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summons confers jurisdiction of the person, and the allowance of the provisional remedy gives jurisdiction of the subject matter of the auxiliary proceedings, and each particular kind of jurisdiction confers upon the court its peculiar powers, and none other. So it has been held that the court acquires, by the allowance of a provisional remedy, jurisdiction to make substitution, and to order the action continued in the name of the personal representatives of 202 a deceased party, upon the ground that such action of the court is necessary and proper to put the suit in such a condition that plaintiff can enforce his provisional lien: More v. Thayer, 10 Barb. 259. And this is probably the correct doctrine.
3. But a question of much greater complication is as to whether the defendant, Cordelia Johnson, has been properly served with a summons or with process of the court, so as to give it jurisdiction to render judgment against her by default; and herein is involved the proper practice of the court in making substitution, and bringing the substituted party before it. The procedure for bringing in new parties after the court has made the order to that effect appears to be to amend the complaint, by inserting therein such allegations, as are necessary to make the persons omitted parties to the action, and to insert their names in the summons, and, if they do not enter an appearance, to serve them with the amended summons and complaint, giving them the usual time allowed by statute to original parties in which to answer: Fitman's Trial Procedure, sec. 351; Penfield v. Wheeler, 27 Minn. 358.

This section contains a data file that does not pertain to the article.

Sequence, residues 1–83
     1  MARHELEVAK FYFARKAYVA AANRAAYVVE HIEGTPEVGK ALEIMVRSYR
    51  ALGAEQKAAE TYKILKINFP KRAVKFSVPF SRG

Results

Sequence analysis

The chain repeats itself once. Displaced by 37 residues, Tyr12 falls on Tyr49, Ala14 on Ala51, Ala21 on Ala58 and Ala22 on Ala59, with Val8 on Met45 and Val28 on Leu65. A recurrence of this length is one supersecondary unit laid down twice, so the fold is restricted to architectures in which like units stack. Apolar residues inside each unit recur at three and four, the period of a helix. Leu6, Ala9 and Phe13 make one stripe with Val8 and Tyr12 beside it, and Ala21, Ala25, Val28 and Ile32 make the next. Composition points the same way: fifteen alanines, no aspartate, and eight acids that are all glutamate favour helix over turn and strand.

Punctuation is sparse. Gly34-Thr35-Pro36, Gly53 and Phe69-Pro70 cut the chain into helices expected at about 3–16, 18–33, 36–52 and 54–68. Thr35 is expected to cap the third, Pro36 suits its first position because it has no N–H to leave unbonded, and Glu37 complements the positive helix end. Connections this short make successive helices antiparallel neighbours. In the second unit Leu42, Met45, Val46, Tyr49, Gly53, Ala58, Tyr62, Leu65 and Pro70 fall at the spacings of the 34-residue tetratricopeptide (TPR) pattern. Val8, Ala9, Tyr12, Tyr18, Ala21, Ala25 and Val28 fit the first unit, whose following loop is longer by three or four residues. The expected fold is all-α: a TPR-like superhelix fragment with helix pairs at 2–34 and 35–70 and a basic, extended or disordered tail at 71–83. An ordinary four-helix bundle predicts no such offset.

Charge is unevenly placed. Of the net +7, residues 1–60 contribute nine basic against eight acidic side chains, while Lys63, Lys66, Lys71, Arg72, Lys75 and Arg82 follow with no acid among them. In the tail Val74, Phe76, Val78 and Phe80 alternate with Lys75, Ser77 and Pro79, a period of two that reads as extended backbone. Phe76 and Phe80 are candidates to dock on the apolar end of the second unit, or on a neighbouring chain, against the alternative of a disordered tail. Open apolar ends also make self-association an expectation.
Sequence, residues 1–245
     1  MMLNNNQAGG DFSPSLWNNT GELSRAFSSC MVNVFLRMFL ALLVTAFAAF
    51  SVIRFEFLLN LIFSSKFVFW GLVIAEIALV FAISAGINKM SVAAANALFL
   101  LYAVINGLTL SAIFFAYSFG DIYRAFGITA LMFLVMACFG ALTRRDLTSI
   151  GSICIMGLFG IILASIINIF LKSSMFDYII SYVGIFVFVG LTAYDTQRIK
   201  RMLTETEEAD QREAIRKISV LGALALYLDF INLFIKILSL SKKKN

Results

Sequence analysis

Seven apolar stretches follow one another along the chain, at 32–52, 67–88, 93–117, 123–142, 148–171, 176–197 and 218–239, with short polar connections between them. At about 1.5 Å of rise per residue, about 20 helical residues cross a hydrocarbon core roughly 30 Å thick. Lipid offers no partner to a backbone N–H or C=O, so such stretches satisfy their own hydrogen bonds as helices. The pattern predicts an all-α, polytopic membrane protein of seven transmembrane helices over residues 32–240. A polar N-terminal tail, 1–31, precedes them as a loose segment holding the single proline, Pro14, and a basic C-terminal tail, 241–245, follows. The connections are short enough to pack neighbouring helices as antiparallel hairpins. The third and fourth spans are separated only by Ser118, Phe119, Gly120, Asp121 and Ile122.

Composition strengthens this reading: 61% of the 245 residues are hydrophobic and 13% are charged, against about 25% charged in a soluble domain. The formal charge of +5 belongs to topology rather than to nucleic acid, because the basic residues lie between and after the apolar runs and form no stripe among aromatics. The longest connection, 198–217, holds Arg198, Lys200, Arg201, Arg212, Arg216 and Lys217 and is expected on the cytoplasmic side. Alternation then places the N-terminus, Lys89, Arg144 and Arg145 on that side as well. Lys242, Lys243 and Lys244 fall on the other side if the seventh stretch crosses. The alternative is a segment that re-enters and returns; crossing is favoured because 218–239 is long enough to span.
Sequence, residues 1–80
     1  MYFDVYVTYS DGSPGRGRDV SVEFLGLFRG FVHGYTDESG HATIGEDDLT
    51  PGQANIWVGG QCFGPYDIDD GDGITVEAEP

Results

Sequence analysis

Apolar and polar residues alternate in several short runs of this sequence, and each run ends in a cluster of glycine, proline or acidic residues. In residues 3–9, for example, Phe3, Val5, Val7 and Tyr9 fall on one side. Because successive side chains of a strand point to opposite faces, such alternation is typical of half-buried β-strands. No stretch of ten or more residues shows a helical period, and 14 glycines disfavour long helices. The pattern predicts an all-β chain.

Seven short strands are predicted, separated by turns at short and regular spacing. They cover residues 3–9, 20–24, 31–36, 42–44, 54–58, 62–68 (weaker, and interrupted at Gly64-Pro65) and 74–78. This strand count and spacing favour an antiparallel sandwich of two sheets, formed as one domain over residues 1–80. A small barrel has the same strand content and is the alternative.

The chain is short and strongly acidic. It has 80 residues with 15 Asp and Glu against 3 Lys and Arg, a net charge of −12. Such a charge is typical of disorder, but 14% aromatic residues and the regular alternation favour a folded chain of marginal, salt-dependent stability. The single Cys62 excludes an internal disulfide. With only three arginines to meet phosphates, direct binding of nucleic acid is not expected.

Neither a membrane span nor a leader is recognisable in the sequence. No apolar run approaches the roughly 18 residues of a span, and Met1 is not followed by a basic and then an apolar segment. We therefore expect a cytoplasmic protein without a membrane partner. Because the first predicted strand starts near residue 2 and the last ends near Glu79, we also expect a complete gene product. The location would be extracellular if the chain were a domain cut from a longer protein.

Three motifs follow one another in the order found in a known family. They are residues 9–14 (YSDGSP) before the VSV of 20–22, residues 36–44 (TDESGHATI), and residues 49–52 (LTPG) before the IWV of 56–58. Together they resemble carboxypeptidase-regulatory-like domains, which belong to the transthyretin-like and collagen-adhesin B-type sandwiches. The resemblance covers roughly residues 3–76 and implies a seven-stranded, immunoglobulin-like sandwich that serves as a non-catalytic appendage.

4. Bringing in a new party is somewhat analogous to bringing a personal representative of a deceased party before the court, where the deceased was not served with the summons in the action. Section 38 of Hill's Code provides that "no action shall abate by the death, marriage, or other disability of a party, or by the transfer of any interest therein, if the cause of action survive or continue. In case of the death, marriage, or other disability of a party, the court may, at any time within one year thereafter, on motion, allow the action to be continued by or against his personal representative or successor in interest.” It has been held in New York and California, under statutes similar to this, that all that is necessary 203 to put the case in condition to proceed is to obtain an order, upon proper notice, directing that the action be continued against those who have succeeded to the interest of the deceased party: Gordon v. Sterling, 13 How. Pr. 405; Coon v. Knapp, 13 How. Pr. 175; Allen v. Walter, 10 Abb. l'r.